## 4135 Reputation

13 years, 281 days

## Solution...

 > restart;
 > with(plots):
 > with(plottools):
 > el := x^2/5^2 + y^2/3^2 + z^2/2^2 = 1; > sp := (x-a)^2 + (y-1/2)^2 + (z-1/2)^2 = 1/2^2; Normals to the ellipsoid and sphere at the point of tangency should be collinear.  This gives us three equations.

 > :  # normal to the ellipoid :  # normal to the sphere %% =~ lambda*%: eqs := convert(%, list)[]; The point of tangency lies on both the ellipsoid and the sphere.  That gives us two more equations.

 > sys := eqs, el, sp; Solve five equations in five unknowns:

 > sol := fsolve({sys}, {x,y,z,lambda,a}, a=0..5); Let's plot the result.  Here is a plot of the ellipsoid.

 > EL := display(scale(sphere(1), 5, 3, 2), style=wireframe):

And here is a plot of the sphere.

 > SP := display(sphere(eval([a,1/2,1/2], sol), 1/2), style=surface, color=red):

And this is the two together.

 > display([EL, SP], scaling=constrained, style=surface); ## Look for equilibria first...

It this, and similar problems, look for the equilibria first.  That tells you where the interesting things happen.  In your case, the equilibria are at y=0 and y=1/9=0.111.  Therefore it makes sense to limit the y direction to the range 0 to 0.2.  Negative y values are not relevant to this problem since populations cannot be negative.  Negative time values are also of no interest since we are interested in predicting the future based on what we have now.  These considerations limit the plotting region to t > 0 and 0 < y < 0.2.  The upper limit for t is determined by trial-and-error through the expectation that the solution should converge to the stable equilibrium point.

I have modified your worksheet to account for those comments.  Here is what we get: Worksheet: mw.mw

## Increasing the Java heap...

In Linux, one normally starts Maple through the command

maple -x &

In cases where the java memory is apt to be exhausted (often due to an extensive animation), one can request an increased  Java heap by changing that to

maple -x -j 4096 &

I think that option is undocumented.   The default value of the Java heap is 512.

That's how it works in Linux.  There may be similar hooks in other operating systems.

If you want insulated ends, you need to supply Neumann, not Dirichlet, conditions.  I have made that change in the worksheet below.

 > restart;
 > pde := diff(u(x,t),t) = a^2*diff(u(x,t),x,x); > ibc := D(u)(0,t)=0,  D(u)(L,t)=0, u(x,0)=x*(L-x); > %pdsolve(pde, {ibc}, numeric): eval(%, {a=1, L=1}):  # set the parameter values pdsol := value(%); > pdsol:-animate(t=0..0.3, frames=40); Accuracy issues

Looking a bit more closely to the solution presented above, I see some disconcerting issues.  We know that insulated boundary conditions imply that the heat equation preserves the average of the solution.  Since the initial condition is x*(L-x), the average is L^2/6.  Therefore the solution should approach the constant value L^2/6.  In our case L=1, therefore that constant should be 1/6 which is approximately 0.1667.  In the animation shown above the solution converges to something like 0.12 which is very far from the target.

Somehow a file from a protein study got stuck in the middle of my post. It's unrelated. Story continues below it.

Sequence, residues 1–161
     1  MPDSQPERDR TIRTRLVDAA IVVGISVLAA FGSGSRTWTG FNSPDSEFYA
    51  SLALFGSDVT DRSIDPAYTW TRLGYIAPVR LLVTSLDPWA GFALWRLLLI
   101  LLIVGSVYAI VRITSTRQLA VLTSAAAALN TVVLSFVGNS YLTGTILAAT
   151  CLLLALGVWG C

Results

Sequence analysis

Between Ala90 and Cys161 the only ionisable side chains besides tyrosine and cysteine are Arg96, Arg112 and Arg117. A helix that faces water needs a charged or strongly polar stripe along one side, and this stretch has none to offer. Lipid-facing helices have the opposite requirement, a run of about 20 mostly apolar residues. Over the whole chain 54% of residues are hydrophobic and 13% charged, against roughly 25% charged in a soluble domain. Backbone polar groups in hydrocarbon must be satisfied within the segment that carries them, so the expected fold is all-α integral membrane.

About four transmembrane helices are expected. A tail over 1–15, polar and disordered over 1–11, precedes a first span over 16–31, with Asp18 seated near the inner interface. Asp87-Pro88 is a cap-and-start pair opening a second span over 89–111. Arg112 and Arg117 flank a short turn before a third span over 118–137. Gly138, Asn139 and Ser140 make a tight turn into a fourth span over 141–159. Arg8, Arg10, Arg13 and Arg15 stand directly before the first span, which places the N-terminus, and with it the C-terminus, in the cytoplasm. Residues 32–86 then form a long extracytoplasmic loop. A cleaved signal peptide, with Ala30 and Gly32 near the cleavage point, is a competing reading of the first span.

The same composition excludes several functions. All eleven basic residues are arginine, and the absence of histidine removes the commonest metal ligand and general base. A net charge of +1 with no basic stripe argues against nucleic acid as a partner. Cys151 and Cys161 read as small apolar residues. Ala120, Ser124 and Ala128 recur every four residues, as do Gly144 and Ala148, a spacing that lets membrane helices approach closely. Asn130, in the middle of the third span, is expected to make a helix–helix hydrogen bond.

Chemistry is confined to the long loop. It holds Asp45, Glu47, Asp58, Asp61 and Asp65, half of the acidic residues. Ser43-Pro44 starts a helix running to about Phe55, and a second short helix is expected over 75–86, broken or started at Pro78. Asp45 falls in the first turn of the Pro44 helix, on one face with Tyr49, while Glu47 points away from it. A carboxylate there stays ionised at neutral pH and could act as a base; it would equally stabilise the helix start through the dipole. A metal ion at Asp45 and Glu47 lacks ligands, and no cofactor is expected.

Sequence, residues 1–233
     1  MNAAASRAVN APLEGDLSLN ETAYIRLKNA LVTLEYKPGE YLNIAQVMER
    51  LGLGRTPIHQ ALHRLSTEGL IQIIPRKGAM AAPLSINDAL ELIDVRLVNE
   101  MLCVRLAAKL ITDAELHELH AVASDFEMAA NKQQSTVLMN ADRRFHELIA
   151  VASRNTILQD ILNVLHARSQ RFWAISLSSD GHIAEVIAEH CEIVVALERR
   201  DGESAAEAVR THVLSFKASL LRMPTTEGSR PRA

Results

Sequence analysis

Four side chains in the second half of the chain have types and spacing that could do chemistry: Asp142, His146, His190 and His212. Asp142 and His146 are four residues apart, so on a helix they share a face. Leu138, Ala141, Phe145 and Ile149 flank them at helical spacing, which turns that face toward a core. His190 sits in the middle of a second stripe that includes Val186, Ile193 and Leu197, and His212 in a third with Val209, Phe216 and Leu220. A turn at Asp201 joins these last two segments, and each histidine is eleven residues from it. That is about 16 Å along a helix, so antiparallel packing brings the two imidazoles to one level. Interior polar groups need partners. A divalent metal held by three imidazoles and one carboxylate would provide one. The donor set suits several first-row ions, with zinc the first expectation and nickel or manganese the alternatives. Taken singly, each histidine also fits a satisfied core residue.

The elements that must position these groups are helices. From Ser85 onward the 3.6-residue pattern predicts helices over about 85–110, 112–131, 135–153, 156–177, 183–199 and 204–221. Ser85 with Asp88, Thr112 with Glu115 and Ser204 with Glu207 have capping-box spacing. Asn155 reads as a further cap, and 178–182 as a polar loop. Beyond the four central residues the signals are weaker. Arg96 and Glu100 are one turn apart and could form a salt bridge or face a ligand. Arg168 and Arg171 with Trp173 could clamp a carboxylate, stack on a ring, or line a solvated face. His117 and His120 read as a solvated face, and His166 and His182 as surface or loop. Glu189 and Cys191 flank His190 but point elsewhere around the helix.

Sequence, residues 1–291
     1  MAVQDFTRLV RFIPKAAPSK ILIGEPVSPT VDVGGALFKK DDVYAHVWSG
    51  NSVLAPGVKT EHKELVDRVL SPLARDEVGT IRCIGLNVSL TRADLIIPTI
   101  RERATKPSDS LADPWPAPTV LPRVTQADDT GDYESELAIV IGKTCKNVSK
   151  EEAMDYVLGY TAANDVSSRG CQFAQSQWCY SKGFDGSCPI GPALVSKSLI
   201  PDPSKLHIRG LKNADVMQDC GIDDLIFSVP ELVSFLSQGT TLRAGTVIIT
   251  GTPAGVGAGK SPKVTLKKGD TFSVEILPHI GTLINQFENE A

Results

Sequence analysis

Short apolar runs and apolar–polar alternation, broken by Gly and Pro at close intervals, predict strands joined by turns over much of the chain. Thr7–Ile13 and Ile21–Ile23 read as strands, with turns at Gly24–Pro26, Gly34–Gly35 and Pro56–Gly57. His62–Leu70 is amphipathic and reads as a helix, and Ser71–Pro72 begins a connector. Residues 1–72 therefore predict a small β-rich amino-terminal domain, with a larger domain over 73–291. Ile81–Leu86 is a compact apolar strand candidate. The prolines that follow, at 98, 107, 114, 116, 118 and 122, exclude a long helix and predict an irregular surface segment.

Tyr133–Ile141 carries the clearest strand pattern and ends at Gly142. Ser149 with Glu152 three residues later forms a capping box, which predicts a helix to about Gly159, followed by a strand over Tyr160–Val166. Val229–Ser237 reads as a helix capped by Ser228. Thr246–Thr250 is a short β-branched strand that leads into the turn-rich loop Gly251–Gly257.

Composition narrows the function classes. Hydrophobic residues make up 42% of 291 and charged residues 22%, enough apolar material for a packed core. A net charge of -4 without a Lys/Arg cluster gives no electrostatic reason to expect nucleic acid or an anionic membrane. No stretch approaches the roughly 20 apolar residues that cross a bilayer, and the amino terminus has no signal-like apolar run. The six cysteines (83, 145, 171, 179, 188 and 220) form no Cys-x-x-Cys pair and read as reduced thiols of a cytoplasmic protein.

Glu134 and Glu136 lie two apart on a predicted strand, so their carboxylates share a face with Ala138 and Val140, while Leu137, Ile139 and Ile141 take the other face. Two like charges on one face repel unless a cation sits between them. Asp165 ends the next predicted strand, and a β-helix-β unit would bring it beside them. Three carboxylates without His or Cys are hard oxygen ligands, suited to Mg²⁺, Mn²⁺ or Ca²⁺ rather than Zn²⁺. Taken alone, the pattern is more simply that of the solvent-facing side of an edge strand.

We may increase pdsolve's accuracy by reducing the spacestep parameter whose default value is L/20.  To get a limit which is reasonably close to 0.1667, we need to take spacestep=L/1000 (see the demo below) which is a very inefficient way of solving a PDE.  There may be options to pdsolve to obtain the solution more efficiently but I can't tell.  Perhaps someone else who is more knowledgeable about pdsolve's options can chime in.

Something else that I must point out is that the wavy oscillations in the solution curves produced by the default spacestep is a numerical artifact.  Note that those oscillations  are not present in the more accurate solutions.

 > restart;
 > pde := diff(u(x,t),t) = a^2*diff(u(x,t),x,x); > ibc := D(u)(0,t)=0,  D(u)(L,t)=0, u(x,0)=x*(L-x); >

spacestep=1/20 (the default)

 > %pdsolve(pde, {ibc}, numeric, spacestep=1/20): eval(%, {a=1, L=1}):  # define parameter values pdsol := value(%):
 > pdsol:-animate([[1/6, color=blue], [u(x,t), color=red]], t=0..0.3, frames=40); >

spacestep=1/100

 > %pdsolve(pde, {ibc}, numeric, spacestep=1/100): eval(%, {a=1, L=1}):  # define parameter values pdsol := value(%):
 > pdsol:-animate([[1/6, color=blue], [u(x,t), color=red]], t=0..0.3, frames=40); >

spacestep=1/1000

 > %pdsolve(pde, {ibc}, numeric, spacestep=1/1000): eval(%, {a=1, L=1}):  # define parameter values pdsol := value(%):
 > pdsol:-animate([[1/6, color=blue], [u(x,t), color=red]], t=0..0.3, frames=40); ## Solution...

 > restart;
 > de := diff(y(x),x,x) + a*y(x) = 0; > bc_base := y(0)=0, y(L)=0; bc_extra := D(y)(0)=1;    # extra boundary condition to avoid the trivial solution bc := bc_base, bc_extra;   > dsol := dsolve({de,bc}, {y,a}); Originally _Z1, renamed _Z1~:
is assumed to be: integer

Originally _B1, renamed _B1~:

is assumed to be: OrProp(0,1)

A particular solution:

 > eval(dsol, {_Z1=5, _B1=0}): simplify(%)  assuming L>0;  # solution eval([de,bc], %);           # verify solution  Another particular solution:

 > eval(dsol, {_Z1=5, _B1=1}): simplify(%)  assuming L>0;  # solution eval([de,bc], %);           # verify solution  Solving with Neumann boundary condition on the left end